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Family spelling variants includes Morrisson, Morrison, Moses, Morrissey, Morriss, Morrice, Morice, Morries, Morres, Moris, Maurice, Morrish, Morse
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Morres Family History
This surname is found all over the British Isles, but it has more than one origin. In part, it stems from the Latin word "maurus" meaning moorish, or dark and swarthy. Variations of the surname include Maurice, Morse, Morice and Morriss, along with Morrison which of course means literally 'the son of Morris'.
It was a popular name in northern France, and was introduced to England by the Normans after the Conquest of 1066. It was first recorded in England in 1176 when Mauricius de Edligtona appears in the documents of the Danelaw, for the city of London.
In Wales, a Welsh version of the name – Meurig – became popular in medieval times, and was used as a personal name. It was later anglicised to Morris. It is believed that Meurig and the Welsh family name of Morris, rather than stemming from a Latin or Norman French root, instead generally derive from the Welsh words 'mawr' (meaning great) and 'rys' (a hero warrior or brave man). In Wales therefore it was originally a patronymic name, and it refers back to an ancestor who lived some centuries ago and had Meurig or Morris as a given name. It gradually became a settled, hereditary system in the country between the 16th and 19th centuries.
In Ireland, it relates to one of the Tribes of Galway and a family of Norman origin. In other cases it derives from the Norman name Fitzmaurice. Variations of the surname in Ireland include Morrissey and the Irish form Mac Muiris.
Highest concentrations of the surname appear in Wales and in the English counties which border Wales, namely Herefordshire, Shropshire and Gloucestershire. From those counties it has spread east and can be seen in the English Midlands.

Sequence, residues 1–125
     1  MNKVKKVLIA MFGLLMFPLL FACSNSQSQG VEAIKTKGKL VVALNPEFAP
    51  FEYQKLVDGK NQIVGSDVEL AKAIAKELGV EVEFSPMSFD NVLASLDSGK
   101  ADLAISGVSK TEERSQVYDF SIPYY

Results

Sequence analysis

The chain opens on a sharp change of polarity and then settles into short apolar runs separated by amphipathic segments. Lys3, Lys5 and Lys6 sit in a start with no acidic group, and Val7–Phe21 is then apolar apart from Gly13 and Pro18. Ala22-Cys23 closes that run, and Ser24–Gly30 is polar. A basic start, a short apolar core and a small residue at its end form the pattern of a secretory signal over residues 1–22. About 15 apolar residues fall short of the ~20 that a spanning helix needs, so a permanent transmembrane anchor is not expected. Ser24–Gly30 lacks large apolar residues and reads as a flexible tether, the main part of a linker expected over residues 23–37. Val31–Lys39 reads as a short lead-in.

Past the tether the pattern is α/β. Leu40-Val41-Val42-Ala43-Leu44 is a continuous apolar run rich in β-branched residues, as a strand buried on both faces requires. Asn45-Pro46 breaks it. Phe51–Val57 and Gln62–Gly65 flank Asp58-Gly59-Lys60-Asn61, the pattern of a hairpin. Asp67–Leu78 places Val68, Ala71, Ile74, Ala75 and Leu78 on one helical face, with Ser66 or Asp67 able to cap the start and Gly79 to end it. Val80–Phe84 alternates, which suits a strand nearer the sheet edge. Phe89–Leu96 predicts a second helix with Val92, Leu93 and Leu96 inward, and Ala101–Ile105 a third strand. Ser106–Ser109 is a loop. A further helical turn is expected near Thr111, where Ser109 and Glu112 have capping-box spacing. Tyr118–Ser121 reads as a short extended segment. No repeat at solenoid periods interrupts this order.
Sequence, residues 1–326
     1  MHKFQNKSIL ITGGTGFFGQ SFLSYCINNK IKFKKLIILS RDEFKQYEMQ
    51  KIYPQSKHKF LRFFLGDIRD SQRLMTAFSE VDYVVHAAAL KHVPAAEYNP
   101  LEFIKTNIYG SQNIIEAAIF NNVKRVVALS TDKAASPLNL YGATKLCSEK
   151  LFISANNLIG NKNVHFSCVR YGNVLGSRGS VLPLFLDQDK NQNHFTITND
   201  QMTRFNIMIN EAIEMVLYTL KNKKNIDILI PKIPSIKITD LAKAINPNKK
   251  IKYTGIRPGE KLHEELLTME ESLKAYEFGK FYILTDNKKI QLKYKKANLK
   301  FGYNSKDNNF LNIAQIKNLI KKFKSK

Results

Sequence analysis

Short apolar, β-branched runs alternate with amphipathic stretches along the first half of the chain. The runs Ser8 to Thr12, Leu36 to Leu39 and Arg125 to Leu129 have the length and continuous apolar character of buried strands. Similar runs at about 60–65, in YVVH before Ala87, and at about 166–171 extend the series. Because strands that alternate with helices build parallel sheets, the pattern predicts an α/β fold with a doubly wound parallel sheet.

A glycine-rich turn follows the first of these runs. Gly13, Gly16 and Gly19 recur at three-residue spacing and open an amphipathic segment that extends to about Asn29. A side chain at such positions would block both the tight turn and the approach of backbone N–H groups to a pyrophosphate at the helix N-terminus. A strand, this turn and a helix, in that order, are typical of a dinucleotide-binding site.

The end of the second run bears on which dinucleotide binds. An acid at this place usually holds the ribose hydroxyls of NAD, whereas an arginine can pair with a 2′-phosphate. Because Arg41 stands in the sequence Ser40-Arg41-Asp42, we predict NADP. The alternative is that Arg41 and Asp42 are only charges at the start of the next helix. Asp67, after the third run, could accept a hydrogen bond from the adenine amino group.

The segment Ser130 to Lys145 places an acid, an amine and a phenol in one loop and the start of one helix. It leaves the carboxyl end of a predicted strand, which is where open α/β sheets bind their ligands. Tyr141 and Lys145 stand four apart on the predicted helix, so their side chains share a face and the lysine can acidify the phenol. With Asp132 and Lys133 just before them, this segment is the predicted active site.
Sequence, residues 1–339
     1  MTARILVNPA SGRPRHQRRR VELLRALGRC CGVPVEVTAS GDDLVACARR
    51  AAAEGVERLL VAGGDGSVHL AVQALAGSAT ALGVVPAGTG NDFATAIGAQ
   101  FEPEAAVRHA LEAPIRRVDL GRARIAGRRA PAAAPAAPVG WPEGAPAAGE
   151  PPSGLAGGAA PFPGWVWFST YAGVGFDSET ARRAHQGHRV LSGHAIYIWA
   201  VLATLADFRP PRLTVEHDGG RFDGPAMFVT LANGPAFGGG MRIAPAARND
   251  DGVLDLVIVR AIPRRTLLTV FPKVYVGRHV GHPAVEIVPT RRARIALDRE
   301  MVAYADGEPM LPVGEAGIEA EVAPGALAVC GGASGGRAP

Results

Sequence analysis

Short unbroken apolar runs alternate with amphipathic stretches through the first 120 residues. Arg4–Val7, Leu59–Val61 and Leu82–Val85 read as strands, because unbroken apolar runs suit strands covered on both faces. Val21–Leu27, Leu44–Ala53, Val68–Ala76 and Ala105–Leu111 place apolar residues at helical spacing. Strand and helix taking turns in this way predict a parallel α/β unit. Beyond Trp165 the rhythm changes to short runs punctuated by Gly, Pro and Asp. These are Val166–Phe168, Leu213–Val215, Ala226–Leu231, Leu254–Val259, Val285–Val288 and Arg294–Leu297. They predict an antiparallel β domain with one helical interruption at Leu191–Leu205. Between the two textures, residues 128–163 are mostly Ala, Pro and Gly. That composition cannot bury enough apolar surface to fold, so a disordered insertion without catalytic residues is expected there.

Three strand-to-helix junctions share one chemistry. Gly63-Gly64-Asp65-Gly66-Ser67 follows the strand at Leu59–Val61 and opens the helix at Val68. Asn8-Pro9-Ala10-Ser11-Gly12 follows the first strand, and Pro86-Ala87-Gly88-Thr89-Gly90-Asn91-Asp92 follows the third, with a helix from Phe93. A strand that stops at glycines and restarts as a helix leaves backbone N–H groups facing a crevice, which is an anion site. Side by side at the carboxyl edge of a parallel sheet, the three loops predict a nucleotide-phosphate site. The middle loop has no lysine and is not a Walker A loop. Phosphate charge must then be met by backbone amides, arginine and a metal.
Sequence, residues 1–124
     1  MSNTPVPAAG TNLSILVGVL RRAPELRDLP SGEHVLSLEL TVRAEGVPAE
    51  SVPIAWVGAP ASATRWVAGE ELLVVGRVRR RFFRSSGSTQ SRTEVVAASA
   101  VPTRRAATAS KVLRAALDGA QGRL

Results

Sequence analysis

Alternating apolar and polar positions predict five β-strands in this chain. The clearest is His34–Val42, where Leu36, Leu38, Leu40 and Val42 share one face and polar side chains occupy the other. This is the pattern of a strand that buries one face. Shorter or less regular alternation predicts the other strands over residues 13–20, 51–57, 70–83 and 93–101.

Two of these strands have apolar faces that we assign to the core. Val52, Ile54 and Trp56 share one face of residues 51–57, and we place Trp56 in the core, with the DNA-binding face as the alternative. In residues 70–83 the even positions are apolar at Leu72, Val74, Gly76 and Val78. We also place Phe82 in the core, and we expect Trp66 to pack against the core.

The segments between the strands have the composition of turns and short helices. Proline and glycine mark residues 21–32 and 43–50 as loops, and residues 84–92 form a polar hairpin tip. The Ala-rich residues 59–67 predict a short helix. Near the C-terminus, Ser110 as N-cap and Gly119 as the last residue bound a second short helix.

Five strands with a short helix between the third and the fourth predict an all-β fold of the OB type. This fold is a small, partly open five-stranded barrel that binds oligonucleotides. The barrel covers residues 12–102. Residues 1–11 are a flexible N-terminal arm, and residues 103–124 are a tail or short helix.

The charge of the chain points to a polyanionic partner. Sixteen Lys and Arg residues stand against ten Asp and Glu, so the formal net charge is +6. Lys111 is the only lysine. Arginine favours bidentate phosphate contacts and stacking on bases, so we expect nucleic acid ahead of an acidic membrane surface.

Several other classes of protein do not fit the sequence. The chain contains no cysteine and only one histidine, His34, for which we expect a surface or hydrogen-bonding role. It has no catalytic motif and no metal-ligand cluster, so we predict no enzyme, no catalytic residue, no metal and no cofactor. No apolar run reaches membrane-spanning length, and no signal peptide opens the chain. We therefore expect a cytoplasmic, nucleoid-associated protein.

- The English artist, poet and social reformer William Morris (1834—96) revolutionised Victorian taste with his designs for furniture, fabrics and wallpaper-which remain influential in interior design to this day.
- A key figure in the development of the British motor industry was William Richard Morris (1877—1963), who later became Lord Nuffield. He started his business in a bicycle repair shop, and later set up his factory at Cowley, Oxford. The Morris Oxford car was his greatest popular success.
- Liverpool-born American patriot Robert Morris was dubbed ‘the Financier of the American Revolution’ for his private rôle in procuring supplies and borrowing money to keep Washington’s army going through the most crucial years of the revolution. Later he loyally served the fledgling nation by securing loans to help it through early financial crises. But by 1798 disastrous land speculations had eaten up his personal fortune, and he was arrested and clapped into a debtor’s prison, where he stayed for 3½ years. After his release he died in obscurity, a broken man.
Today, Morris is the 28th most popular surname in England and Wales, and there are over 22,000 Morrisons in Scotland. Morris remains a notable surname in terms of numbers in Wales, in particular in and around the capital city, where around one in about 215 families bears the surname. There are also significant clusters relating to the name in the English cities of Birmingham, Coventry and Liverpool. Elsewhere in the world, the Morris and Morrison surnames appear to be relatively common in Wellington, New Zealand (one in 435 families), Auckland, New Zealand (one in 442) and Vancouver (one in 485). But the United States is home to more people named Morris and Morrison than the entire population of Bristol – in combination, an estimated total of just under 478,000 – which is the US's 27th most popular surname.
A Dictionary of English and Welsh Surnames (1896) by Charles Wareing Endell Bardsley
An Etymological Dictionary of Family and Christian Names (1857) by William Arthur
A Guide to Irish Names (1964) by Edward MacLysaght
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